During my 2017 road trip Charnley River Station was a four night pre-booked stop along the Gibb River Road. It was such a great place that it was a must for our current trip. This is particularly so due to it being one of Australian Wildlife Conservancy (AWC) sites giving K plenty of opportunity to photograph birds and other wildlife. If also offers access to a few very picturesque gorges and water holes that are not generally accessible.
The campground is accessed via a 45 km gravel road heading north from the Gibb and is located in the Charnley River-Artesian Range Wildlife Sanctuary (to give it its full title), operated by AWC. The 300,000 ha sanctuary is home to 26 threatened wildlife species which will now hopefully survive due to the efforts of AWC.
The AWC limits the number of campers, so the campground is very spacious and totally not overcrowded, unlike the main attractions along the Gibb. The gorges and waterholes we visited were: Donkey Pools, Grevilia Gorge, Lily Ponds, Dilli Gorge and Paradise Pool, all north of the campground accessed via dirt tracks and walks of varying lengths (but nothing too long).
On the morning of our first full day we joined a guided Eco Walk through the various types of vegetation. This ranged from the lush green shrubs and trees along the creek bed (now mostly dry) to the dry savannah. Our guide explained all about the fire management strategy that is structured around protecting both wildlife and plants. She also explained about the strategies for minimising the impact of feral herbivores (pigs and cattle) and feral cats. Sadly, cane toads have now reached the Kimberley and has become an issue in terms of control.
This session gave us a really great insight into the efforts of AWC and made us appreciate our visit even more.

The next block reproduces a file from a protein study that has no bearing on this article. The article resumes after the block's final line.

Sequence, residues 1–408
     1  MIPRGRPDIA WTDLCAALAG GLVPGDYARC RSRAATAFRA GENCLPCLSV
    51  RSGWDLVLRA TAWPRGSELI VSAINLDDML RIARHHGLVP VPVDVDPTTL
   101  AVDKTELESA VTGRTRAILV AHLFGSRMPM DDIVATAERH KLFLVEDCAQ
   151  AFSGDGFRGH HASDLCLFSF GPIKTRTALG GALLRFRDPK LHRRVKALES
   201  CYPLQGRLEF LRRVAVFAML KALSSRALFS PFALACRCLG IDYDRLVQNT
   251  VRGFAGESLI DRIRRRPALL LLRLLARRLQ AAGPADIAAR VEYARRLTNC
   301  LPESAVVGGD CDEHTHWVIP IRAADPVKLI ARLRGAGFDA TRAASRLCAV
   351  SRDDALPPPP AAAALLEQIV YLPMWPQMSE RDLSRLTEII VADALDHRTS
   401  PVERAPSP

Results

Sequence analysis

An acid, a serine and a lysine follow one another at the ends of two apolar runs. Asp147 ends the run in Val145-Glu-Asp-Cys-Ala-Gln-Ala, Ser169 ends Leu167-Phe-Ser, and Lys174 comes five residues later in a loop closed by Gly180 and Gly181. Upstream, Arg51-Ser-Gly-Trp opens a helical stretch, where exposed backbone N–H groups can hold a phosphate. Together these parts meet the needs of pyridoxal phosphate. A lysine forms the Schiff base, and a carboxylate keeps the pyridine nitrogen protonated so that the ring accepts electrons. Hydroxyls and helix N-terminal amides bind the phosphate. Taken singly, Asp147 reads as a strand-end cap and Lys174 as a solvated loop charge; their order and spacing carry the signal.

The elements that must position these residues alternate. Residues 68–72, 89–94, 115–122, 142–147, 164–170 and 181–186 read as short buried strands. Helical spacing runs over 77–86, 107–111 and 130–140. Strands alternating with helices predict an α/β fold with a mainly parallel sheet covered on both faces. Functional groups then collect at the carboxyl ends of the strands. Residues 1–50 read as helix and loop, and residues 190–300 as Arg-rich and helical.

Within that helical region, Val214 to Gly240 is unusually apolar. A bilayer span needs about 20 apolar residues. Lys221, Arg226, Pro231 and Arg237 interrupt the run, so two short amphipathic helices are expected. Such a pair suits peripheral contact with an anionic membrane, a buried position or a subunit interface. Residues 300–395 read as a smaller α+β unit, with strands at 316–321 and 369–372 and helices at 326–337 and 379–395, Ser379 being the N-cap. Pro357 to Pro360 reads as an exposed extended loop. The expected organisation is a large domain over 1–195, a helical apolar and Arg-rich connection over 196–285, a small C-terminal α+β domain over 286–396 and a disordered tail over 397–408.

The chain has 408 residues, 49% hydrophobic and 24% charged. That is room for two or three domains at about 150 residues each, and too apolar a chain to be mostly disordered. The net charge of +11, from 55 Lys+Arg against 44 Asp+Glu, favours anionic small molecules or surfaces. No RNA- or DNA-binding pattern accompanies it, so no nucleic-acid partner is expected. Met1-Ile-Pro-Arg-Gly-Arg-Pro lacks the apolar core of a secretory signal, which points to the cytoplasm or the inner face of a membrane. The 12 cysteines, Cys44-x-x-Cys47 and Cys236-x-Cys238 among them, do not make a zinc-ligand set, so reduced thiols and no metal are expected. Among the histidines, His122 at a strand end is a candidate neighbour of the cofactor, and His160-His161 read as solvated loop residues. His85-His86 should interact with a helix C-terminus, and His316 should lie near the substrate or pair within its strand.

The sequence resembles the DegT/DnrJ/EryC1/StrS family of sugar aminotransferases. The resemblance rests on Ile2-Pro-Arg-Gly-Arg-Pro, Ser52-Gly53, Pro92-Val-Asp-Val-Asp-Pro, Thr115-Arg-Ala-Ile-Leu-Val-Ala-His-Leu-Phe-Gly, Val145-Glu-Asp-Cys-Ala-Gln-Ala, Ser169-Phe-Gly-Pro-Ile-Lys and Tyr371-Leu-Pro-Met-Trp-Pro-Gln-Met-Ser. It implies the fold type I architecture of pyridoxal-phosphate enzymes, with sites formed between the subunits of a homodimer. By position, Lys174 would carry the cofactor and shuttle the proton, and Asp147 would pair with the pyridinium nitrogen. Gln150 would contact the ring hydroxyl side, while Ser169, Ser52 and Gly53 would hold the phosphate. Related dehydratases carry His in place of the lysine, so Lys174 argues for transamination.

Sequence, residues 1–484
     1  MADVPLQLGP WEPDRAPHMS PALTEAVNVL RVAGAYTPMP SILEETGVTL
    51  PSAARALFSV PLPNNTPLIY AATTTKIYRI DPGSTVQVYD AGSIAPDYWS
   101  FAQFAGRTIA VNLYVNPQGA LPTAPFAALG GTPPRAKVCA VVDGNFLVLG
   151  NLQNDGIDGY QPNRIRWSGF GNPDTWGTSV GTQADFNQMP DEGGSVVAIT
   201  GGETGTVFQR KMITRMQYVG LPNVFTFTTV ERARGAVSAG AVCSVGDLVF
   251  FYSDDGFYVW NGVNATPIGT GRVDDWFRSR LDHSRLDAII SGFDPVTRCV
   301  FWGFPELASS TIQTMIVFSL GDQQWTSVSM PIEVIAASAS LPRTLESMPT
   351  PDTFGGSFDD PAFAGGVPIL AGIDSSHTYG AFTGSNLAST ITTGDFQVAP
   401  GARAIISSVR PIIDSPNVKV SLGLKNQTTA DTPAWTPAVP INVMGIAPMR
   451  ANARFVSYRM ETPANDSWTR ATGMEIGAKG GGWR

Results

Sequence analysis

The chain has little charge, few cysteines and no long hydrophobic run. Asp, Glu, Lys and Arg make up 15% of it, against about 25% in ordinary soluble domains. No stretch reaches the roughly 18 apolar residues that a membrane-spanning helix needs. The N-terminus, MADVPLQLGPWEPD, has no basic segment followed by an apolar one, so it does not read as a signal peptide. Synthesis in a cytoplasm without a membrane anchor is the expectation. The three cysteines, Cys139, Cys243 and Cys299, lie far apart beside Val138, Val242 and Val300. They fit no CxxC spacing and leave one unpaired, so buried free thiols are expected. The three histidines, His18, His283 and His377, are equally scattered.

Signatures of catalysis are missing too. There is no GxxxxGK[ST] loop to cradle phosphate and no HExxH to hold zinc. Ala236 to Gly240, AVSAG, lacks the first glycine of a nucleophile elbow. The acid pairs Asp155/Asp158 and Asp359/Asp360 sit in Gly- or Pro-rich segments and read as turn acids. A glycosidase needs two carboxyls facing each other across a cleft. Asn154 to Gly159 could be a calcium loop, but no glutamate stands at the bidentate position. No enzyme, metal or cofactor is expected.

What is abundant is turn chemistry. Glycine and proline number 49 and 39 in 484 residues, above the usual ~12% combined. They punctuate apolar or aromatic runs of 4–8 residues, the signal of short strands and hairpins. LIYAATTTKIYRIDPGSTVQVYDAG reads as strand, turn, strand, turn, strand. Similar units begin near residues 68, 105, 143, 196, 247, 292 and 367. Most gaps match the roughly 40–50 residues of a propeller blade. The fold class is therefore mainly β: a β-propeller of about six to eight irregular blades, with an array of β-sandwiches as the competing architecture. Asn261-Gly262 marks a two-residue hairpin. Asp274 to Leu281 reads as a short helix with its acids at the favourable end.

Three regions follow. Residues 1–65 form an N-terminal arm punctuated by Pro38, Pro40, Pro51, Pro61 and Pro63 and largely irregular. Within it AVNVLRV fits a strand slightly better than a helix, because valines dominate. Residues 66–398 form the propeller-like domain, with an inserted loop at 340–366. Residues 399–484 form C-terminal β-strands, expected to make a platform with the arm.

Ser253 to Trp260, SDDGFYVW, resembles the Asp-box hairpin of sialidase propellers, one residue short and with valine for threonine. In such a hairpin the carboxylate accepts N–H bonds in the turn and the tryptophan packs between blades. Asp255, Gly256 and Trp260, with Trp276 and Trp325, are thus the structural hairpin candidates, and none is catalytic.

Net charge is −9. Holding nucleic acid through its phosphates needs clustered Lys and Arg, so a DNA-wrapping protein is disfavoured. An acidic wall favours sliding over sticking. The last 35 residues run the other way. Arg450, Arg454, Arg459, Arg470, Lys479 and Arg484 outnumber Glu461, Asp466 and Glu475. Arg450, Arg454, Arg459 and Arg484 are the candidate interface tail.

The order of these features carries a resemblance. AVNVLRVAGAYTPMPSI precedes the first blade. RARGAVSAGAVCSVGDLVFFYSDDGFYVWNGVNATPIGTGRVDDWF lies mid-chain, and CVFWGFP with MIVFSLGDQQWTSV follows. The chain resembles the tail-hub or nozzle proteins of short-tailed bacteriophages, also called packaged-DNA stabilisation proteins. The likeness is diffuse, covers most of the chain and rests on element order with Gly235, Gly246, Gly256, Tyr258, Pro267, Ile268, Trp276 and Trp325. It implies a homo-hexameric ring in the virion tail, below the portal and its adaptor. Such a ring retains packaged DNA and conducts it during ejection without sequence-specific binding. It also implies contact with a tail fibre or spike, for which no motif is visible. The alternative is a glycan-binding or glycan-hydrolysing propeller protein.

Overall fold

These are the closest to the campground so we visited them the afternoon of our arrival.
Grevilia Gorge is the furthest from the campground taking us about 45 minutes to drive there. The access track took us to the cliff edge overlooking the gorge (sorry, no photo, but it is very deep and very impressive).
This is probably one of my most favourite gorges. Although I didn’t go for a swim, we spent some time sitting soaking in the solitude and magnificent views.
We visited the Paradise Pool on the morning of our last day at Charnley River. As this pool was within walking distance, we set our early to beat the heat and arrived to be the only people there. There was not much water in the pool as the water had stopped running through it. In any case, we sat for a while and commented that we had not seen any lizards. Not five minutes later, and much to K’s delight, I spotted a lizard very cannily climbing head first down a tree on the opposite side of the pool. This entertained us for a while, when another did the same thing and then a small dragon appeared on the rocks. These sightings ended our stay at Charnley on a high.
Mt Glemont Lookout
Recommended as a great spot to watch the sunset, we set off to visit it on our second last night. But I was not just satisfied with just watching the sunset, I reckoned it would be a good spot for the milky way. Of course, this time period is right over dinner time. So, we pre-cooked a pasta meal, took it with us and re-heated it on our butane burner while waiting for total darkness!
Tuesday 13 July 2021
I am behind with my posts, my only excuse being that I have been relaxing and enjoying our travels and various visits. Since visiting Charnley River, we have been to a couple of other gorges, including Bell Gorge, Windjana and we are currently in a campground near Derby having successfully completed the full length of the Gibb River Road. I will update you on these in due course.